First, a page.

Wednesday, July 25, 2012

Aromatic Transition States in Nonpericyclic Reactions: Anionic 5-Endo Cyclizations Are Aborted Sigmatropic Shifts

Gilmore, K.; Manoharan, M.; Wu, J. I. C.; Schleyer, P. v. R.; Alabugin, I. V. J. Am. Chem. Soc.2012, 134, 10584–10594 (Paywall)
Contributed by Steven Bachrach.
Reposted from Computational Organic Chemistry with permission

The activation energy for the 5-endo-dig reaction of the anion 1 is anomalously low compared to its 4-endo-dig and 6-endo-dig analogues. Furthermore, the TS is quite early, earlier than might be expected based on the Hammond Postulate. Alabugin and Schleyer have examined this reaction and found some interesting results.1
First, NICS(0) values for a series of related intermolecular anionic attack at alkynes show some interesting trends (Table 1). Two of the transition states look like they might be aromatic: the TSs for the 3-exo-dig and the 5-endo-dig reaction have NICS(0) values that are quite negative. However, given the geometry of these TSs, particularly the close proximity of the σ bonds to the ring center, one might be concerned about contamination of these orbitals. So, NICS(0)MOzz computations, which look at the tensor component perpendicular to the ring using just the π-MOs, shows that the 3-exo-dig is likely non-aromatic (NICS(0)MOzz is near zero), the TS for the 4-endo-dig reaction is antiaromatic (NICS(0)MOzz very positive) and the TS for the 5-endo-dig reaction is aromatic (NICS(0)MOzz is very negative. So this last reaction is the first example of an aromatic transition that is not for a pericyclic reaction!

Table 1. NICS(0) and NICS(0)MOzz for the TS of some anionic alkyne cyclizations.




5-endo-dig (1)
These authors argue that the reaction of 1 is an “aborted” sigmatropic shift. A normal pericyclic reaction is a single step with a single (concerted) transition state. An interrupted sigmatropic shift has an intermediate that lies higher in energy than the reactants, such as in the Bergman cyclization of an enediyne. The aborted sigmatropic shift has an intermediate that lies lower in energy than the reactants, such as in the cyclization of 1.


(1) Gilmore, K.; Manoharan, M.; Wu, J. I. C.; Schleyer, P. v. R.; Alabugin, I. V. "Aromatic Transition States in Nonpericyclic Reactions: Anionic 5-Endo Cyclizations Are Aborted Sigmatropic Shifts," J. Am. Chem. Soc.2012134, 10584–10594, DOI: 10.1021/ja303341b

Saturday, July 21, 2012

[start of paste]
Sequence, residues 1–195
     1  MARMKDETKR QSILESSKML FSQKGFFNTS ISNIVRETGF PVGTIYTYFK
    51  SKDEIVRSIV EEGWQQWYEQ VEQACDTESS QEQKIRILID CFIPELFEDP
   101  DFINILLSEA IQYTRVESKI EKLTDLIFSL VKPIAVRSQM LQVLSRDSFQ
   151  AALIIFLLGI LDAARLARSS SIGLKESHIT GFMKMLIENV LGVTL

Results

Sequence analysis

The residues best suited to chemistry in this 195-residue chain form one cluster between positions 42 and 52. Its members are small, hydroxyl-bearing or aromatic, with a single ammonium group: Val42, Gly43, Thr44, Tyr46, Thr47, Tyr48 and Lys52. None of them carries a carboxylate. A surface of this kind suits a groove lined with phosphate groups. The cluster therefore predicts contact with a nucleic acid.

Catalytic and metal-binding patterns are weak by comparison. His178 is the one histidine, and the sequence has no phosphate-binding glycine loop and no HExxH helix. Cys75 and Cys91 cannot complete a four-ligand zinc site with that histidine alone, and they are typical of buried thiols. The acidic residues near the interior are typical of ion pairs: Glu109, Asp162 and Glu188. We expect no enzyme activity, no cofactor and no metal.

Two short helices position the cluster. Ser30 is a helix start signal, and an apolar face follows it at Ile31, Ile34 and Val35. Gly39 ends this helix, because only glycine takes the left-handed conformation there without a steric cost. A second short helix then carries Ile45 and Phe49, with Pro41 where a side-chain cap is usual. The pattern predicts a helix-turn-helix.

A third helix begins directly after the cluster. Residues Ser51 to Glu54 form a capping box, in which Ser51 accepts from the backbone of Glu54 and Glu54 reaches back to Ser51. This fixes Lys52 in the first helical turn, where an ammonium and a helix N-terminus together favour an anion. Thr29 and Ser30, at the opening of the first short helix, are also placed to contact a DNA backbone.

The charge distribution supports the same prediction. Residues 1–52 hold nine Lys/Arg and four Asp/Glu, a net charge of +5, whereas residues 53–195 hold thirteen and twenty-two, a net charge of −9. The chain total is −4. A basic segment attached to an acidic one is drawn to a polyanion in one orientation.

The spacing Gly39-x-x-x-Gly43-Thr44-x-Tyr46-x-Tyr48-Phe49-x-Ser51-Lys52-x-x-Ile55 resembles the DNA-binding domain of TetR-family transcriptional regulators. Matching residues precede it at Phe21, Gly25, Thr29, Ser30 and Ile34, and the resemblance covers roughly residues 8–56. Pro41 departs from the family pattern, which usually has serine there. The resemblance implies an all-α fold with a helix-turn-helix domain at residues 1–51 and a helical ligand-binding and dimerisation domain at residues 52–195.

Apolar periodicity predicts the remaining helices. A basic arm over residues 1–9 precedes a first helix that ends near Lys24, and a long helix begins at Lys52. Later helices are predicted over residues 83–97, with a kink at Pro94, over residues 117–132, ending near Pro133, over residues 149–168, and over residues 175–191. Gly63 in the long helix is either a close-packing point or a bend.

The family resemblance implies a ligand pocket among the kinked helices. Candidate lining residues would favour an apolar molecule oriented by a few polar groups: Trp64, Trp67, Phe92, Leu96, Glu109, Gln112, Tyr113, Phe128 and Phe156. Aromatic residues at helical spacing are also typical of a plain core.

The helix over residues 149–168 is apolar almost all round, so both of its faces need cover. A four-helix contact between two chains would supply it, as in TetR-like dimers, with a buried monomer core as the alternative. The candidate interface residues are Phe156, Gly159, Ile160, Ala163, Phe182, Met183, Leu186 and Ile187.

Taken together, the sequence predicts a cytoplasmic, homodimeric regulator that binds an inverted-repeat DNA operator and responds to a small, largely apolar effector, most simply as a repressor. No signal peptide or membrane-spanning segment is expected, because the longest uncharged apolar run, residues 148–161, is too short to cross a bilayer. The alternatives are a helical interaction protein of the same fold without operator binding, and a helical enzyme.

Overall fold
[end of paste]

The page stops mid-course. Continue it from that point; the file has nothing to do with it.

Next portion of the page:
Chemical Networks (Triple Header!)

A back-to-back-to-back (!) set of three papers in Angewandte Chemie from Bartosz Grzybowski and co-workers. All three articles concern the development of Chemical Networks and their application in synthetic chemistry, of which more later. It is often said that the realm of synthesis is both art and science, however, the wealth of empirical observations made over centuries of making molecules underpin the field. As Grzybowski remarks here, “it is simply beyond cognition of any individual human to understand and analyze all this collective chemical knowledge”, and most chemists already search online synthesis databases to perform individual steps, but perhaps the role of automated computational synthetic route selection, and reaction design is set to grow? Also see Dean Tantillo's recent post on CCH.

Grzybowksi’s group has constructed a network of organic chemistry (NOC) from reactions in the chemical literature since 1779 until present day: reactants and products are represented by nodes in this graph and known chemical interconversions by edges. From this NOC containing seven million reactions, the first paper of the series seeks to discover new ways of performing consecutive reactions in the same vessel (so-called “one pot” reactions). From known reactions that interconvert A to B and B to C, the authors have coded filters that check for compatability between solvents, reagents, catalysts etc so that the two steps may be performed in the same reaction vessel, thus creating a novel way to prepare C from A in one step. Typically synthetic organic protocols are the result of much tinkering and optimization studies in the lab: in contrast the NOC predictions have yield a number of two, three and four step one-pot reactions that give moderate to good yields without any human optimization.
In the second paper the group turn their attention to designing “optimal” reaction pathways to synthesise a given target molecule. Again the NOC is used, this time to propagate backwards from the target via an initial synthetic plan to starting materials. A Metropolis Monte Carlo algorithm is used to randomly sample alternative routes in order to minimize a penalty function associated with the cost of performing each step. Impressively this approach has been used already by a synthesis company to reduce their costs. Additional costs such as waste disposal or energy costs associated with heating/cooling are undoubtedly important for chemistry on the process scale, and perhaps these could be incorporated in future implementations of the optimization.